The current legal requirement for eyesight is that you must be able to read a number plate from a distance of 20 metres (67 feet) in order to drive. This is tested by the examiner on the day a driver sits their driving test, but otherwise the safety of drivers with reduced vision is reliant on the driver, or a medical professional such as an optician, reporting any medical concerns.

Medical assessment

Once a person has informed the DVLA of a medical condition or disability, the medical advisers will decide whether they satisfy the medical standards of fitness to drive. A medical questionnaire must be completed to notify the DVLA as to the specific details about the medical condition or disability. The questionnaire also enables the applicant to provide their consent for the DVLA medical adviser to request medical information from the person’s doctor if this is needed.

Wherever possible a decision will be made based on the information provided in the medical questionnaire. However, if further information is required, the medical adviser may:

  • contact the person’s doctor and/or consultant
  • arrange for them to be examined by a locally appointed medical officer, local consultant or specialist
  • request that they undergo a driving assessment, eyesight or driving test

In some circumstances DVLA will require independent review by a DVLA-appointed doctor or optician/optometrist. Depending on individual circumstances, a licence applicant may also require a driving assessment and/or appraisal.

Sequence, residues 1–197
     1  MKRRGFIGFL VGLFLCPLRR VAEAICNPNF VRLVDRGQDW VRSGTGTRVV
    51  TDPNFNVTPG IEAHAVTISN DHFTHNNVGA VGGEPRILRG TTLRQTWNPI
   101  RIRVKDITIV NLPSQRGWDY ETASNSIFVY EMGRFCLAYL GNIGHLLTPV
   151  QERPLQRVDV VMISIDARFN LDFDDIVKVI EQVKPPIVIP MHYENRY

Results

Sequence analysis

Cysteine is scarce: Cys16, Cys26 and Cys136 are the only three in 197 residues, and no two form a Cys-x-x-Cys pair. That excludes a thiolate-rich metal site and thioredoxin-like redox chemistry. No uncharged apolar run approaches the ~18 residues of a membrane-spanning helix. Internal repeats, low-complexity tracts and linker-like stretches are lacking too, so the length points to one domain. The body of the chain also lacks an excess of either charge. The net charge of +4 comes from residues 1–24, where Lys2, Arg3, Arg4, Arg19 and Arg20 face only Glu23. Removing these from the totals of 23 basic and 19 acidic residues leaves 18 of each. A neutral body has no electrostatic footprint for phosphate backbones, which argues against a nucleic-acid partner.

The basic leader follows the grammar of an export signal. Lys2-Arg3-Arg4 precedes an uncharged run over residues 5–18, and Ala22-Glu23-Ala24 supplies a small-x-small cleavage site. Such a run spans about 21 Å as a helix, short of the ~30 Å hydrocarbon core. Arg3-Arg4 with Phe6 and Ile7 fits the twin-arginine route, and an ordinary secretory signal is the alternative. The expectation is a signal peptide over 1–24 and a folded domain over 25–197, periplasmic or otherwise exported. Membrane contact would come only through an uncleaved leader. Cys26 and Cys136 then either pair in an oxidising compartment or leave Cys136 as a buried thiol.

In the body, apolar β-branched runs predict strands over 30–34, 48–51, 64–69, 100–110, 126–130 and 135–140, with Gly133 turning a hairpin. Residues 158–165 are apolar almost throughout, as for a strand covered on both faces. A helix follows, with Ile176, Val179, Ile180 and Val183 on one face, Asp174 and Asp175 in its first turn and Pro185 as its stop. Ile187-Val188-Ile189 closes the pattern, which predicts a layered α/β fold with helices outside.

There are different rules for when a person can drive again, dependant upon whether the licence was voluntarily surrendered, or if it was revoked or suspended for medical reasons. If someone has their driving licence revoked or suspended for medical reasons, then they can reapply once a doctor has confirmed that they meet the medical standards for driving.


For many of us, driving gives us independence and freedom, so the thought of having to give it up can be very difficult. It is understandable that drivers may be reluctant to declare a health issue which may result in them having to surrender their licence and stop them from driving. However, with the rising number of fatal and serious collisions on our roads, should you or someone you know have a medical condition which could affect their driving ability, it is important to inform the DVLA promptly; hiding it isn’t worth the risk.

Our Serious Injury team specialises in supporting families after catastrophic injuries and fatal incidents such as road traffic collisions. We offer legal advice to those suffering a life changing injury or families suffering the loss of a loved one.

Author bio

Siobhan Thomas


Siobhan Thomas represents individuals who have suffered a serious injury through no fault of their own. Many of her clients have experienced traumatic events and life changing injuries, that have seriously affected not only their health and wellbeing, but that of their loved ones too.

Disclaimer: The information on the Hugh James website is for general information only and reflects the position at the date of publication. It does not constitute legal advice and should not be treated as such. If you would like to ensure the commentary reflects current legislation, case law or best practice, please contact the blog author.